The Sanctification of the Body and Behavioral Health Patterns of College Students
Department of Psychiatry
Students; Body Image; Perception; Self Concept; Religion
Psychiatry | Religion
This study applies the construct of sanctification to college students' perceptions of their bodies. Students (N = 289) completed measures on the extent to which they viewed their bodies as being a manifestation of God (e.g., "My body is a temple of God") and as characterized by sacred qualities (e.g., holy, blessed, sacred). Greater levels of both forms of sanctification were related to higher levels of health-protective behaviors, strenuous exercise, satisfaction with one's body, and disapproval of alcohol consumption as well as to lower levels of illicit drug use, unhealthy eating practices, and alcohol consumption. Viewing the body as having sacred qualities was also related to lower rates of binge eating and illicit drug use.
DOI of Published Version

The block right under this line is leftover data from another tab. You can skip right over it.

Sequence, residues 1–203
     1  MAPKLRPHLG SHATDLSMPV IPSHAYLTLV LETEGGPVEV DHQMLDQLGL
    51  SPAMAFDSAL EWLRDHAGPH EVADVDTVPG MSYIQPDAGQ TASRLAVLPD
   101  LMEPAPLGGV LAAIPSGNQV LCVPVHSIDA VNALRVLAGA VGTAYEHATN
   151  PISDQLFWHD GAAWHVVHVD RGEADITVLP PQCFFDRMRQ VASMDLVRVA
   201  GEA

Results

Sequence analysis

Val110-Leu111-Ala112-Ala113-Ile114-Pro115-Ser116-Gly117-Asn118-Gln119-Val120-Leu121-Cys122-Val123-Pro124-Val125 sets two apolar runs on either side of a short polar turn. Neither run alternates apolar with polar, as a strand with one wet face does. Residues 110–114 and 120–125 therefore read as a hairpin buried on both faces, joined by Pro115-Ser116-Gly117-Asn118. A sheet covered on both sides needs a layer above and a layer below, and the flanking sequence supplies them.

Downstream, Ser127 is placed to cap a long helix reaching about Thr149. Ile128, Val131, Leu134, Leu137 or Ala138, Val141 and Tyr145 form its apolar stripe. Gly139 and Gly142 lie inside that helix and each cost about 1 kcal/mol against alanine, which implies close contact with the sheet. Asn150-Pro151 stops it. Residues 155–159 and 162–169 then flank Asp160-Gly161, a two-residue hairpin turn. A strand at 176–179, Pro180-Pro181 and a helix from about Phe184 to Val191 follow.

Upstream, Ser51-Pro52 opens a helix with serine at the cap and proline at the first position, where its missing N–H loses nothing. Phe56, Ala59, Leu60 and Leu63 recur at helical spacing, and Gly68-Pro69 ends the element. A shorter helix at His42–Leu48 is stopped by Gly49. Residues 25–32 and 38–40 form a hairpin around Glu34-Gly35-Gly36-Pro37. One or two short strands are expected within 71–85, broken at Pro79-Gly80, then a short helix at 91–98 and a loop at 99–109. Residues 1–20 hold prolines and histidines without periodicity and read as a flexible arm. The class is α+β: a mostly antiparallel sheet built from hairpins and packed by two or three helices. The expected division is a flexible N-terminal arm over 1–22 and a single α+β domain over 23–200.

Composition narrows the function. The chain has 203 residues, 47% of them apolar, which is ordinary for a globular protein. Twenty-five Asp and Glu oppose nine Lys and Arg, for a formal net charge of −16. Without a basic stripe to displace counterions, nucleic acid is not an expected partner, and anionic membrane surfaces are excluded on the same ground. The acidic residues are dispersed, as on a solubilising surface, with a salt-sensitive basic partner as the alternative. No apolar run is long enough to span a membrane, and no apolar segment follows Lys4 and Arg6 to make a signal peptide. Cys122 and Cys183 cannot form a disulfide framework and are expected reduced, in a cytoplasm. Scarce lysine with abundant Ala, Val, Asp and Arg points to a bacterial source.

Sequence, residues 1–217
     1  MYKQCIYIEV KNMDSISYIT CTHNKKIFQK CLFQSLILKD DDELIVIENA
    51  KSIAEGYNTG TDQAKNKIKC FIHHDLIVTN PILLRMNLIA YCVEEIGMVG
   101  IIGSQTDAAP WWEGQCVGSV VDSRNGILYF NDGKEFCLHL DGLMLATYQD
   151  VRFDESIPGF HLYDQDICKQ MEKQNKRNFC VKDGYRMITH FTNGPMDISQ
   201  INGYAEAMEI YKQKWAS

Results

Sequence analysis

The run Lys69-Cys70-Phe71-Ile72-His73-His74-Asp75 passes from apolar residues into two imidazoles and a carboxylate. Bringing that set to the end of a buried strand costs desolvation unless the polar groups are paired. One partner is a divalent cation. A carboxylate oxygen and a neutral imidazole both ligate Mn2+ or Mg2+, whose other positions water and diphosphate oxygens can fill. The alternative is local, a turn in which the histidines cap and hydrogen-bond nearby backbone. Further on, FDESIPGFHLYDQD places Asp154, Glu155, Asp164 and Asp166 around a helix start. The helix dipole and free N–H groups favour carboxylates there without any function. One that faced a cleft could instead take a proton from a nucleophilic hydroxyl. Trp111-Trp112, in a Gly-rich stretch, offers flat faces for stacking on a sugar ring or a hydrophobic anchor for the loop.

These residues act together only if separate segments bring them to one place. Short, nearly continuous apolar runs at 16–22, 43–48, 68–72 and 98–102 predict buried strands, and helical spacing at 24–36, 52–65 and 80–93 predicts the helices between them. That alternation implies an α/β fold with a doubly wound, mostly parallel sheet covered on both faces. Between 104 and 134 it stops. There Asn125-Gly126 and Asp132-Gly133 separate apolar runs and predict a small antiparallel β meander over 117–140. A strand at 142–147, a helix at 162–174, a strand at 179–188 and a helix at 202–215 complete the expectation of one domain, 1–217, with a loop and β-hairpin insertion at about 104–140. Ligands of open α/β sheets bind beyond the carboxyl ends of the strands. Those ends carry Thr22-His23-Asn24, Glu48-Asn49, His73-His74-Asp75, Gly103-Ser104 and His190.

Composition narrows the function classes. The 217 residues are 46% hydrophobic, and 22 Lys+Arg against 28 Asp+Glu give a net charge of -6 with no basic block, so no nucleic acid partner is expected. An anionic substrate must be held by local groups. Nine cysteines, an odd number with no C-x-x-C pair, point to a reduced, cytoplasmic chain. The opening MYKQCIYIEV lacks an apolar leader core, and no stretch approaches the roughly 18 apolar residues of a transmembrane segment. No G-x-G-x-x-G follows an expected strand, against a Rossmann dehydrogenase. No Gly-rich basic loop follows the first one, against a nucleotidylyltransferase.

10.1207/s15327582ijpr1503_3 Previously issued as
Mahoney, A., Carels, R.A., Pargament, K.I., Wachholtz, A.B., Edwards-Leeper, L., Kaplar, M., & Frutchey, R. (2005). The Sanctification of the Body and Behavioral Health Patterns of College Students. International Journal for the Psychology of Religion, 15, 221-238. DOI 10.1207/s15327582ijpr1503_3 Previously issued as Bowling Green State University Working Paper Series 02-19.
International Journal for the Psychology of Religion
Mahoney A, Carels RA, Pargament KI, Wachholtz AB, Leeper LE, Kaplar M, Frutchey R. (2005). The Sanctification of the Body and Behavioral Health Patterns of College Students. Psychiatry Publications and Presentations. https://doi.org/10.1207/s15327582ijpr1503_3 Previously issued as. Retrieved from https://escholarship.umassmed.edu/psych_pp/542